MOSCOW, November 18 (R-Sport) – The Russian government should have avoided international outcry by waiting to pass its controversial gay propaganda law until after it hosts next year’s Winter Olympics, Sports Minister Vitaly Mutko was quoted as saying Monday.
In June, Russian President Vladimir Putin signed into law a bill forbidding the promotion of homosexuality to minors, which has given rise to calls from some activists to boycott the February 7-23 Olympics in Sochi.
While the law’s proponents argue that it is aimed at protecting children from harmful influences, critics allege that the move restricts freedom of speech and is part of a broader crackdown on Russia’s gay community.
“Perhaps the state authorities should have waited a little to include the ban on homosexuality propaganda in the law,” Mutko told the RBC news agency.
“It was possible to calculate how much resonance it would cause in the West, especially in the run-up to the Sochi Olympics.”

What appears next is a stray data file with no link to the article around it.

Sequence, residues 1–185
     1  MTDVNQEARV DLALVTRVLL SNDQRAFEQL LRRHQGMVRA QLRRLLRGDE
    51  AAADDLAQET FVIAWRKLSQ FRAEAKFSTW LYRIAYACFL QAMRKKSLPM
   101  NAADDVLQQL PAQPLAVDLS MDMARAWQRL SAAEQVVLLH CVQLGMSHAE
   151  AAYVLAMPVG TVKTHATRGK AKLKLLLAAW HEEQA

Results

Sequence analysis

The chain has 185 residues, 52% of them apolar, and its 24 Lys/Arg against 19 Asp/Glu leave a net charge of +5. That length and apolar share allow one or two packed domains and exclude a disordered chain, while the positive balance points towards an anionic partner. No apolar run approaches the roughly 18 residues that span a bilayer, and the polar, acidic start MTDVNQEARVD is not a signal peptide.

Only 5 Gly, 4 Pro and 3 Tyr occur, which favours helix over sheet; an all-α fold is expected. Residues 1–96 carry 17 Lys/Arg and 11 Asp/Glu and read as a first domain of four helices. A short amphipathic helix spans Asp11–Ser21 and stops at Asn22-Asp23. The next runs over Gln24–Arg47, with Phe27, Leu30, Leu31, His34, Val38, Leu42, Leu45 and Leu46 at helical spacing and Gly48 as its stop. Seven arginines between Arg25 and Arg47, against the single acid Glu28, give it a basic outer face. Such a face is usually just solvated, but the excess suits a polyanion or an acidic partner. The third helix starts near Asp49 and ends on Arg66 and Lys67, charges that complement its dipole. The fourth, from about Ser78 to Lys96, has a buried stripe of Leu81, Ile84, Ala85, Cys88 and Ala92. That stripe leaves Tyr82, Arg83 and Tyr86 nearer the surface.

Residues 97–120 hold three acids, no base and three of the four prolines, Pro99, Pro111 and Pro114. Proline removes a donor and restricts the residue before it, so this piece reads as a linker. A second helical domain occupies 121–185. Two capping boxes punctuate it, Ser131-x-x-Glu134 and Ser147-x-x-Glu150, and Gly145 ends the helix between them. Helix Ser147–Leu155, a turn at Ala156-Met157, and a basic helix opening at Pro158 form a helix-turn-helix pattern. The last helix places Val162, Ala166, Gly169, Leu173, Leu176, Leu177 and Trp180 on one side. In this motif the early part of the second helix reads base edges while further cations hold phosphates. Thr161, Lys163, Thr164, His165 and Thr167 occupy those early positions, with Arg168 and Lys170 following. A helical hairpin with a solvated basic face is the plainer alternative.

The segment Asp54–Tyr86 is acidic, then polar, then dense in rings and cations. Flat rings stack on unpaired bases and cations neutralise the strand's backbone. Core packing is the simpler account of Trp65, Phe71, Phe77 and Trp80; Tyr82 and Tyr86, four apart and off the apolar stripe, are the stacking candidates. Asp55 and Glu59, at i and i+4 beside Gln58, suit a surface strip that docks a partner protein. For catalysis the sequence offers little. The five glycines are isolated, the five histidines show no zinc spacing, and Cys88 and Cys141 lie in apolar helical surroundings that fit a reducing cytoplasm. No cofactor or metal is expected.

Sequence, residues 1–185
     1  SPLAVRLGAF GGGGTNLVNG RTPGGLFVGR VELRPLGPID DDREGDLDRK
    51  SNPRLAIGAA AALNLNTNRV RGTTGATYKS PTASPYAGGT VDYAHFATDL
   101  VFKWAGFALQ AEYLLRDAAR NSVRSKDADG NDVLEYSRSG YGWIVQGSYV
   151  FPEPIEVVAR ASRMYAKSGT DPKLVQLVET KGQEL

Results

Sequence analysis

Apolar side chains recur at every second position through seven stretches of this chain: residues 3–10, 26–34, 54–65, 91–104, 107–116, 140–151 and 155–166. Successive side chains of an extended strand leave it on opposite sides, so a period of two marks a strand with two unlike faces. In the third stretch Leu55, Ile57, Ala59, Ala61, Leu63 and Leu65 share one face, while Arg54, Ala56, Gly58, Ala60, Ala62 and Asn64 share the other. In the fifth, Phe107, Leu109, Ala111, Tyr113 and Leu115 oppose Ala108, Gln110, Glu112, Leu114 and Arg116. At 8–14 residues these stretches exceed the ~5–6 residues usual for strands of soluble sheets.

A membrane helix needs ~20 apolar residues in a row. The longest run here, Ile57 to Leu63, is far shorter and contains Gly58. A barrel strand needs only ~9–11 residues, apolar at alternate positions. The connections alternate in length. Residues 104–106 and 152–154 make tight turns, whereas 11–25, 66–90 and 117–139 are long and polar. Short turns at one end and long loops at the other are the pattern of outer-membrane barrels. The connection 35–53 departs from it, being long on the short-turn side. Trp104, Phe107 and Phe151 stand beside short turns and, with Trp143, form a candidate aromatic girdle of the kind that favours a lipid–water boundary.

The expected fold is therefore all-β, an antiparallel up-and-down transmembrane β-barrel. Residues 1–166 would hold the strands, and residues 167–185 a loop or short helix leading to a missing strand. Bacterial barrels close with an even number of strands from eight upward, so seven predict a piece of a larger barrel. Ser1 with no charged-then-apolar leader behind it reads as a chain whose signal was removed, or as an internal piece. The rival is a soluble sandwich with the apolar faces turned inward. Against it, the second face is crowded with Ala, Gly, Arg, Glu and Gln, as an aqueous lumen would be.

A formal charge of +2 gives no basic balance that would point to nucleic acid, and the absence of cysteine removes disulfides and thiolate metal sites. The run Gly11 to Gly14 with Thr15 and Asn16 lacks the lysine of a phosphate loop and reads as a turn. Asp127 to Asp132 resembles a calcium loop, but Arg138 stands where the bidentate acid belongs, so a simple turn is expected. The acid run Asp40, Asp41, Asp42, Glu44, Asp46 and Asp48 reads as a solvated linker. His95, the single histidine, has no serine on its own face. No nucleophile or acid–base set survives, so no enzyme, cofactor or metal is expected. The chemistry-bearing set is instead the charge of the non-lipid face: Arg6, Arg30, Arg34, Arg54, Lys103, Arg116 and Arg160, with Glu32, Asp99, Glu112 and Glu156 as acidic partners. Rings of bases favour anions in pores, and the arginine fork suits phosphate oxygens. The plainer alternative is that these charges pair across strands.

International opposition to the law is founded on resentment of Russia’s strength, Mutko suggested.
“The West’s reaction to the law is part of the relationship to our country. Russia is gaining momentum in all areas, including in sports,” he said. “No one in the world needs that. They liked it when we were weak.”
Putin has said there will be no “discrimination against people on any basis whatsoever” at the Games.
New International Olympic Committee president Thomas Bach used a speech at the United Nations earlier this month to criticize calls to boycott the Sochi Olympics.
“We oppose boycotts of any kind,” Bach said. “Boycotts are a fundamental contradiction to the spirit of sport, depriving it of the means to continue working for peace, mutual understanding and solidarity.”
Bach did not refer to any specific calls to boycott Sochi.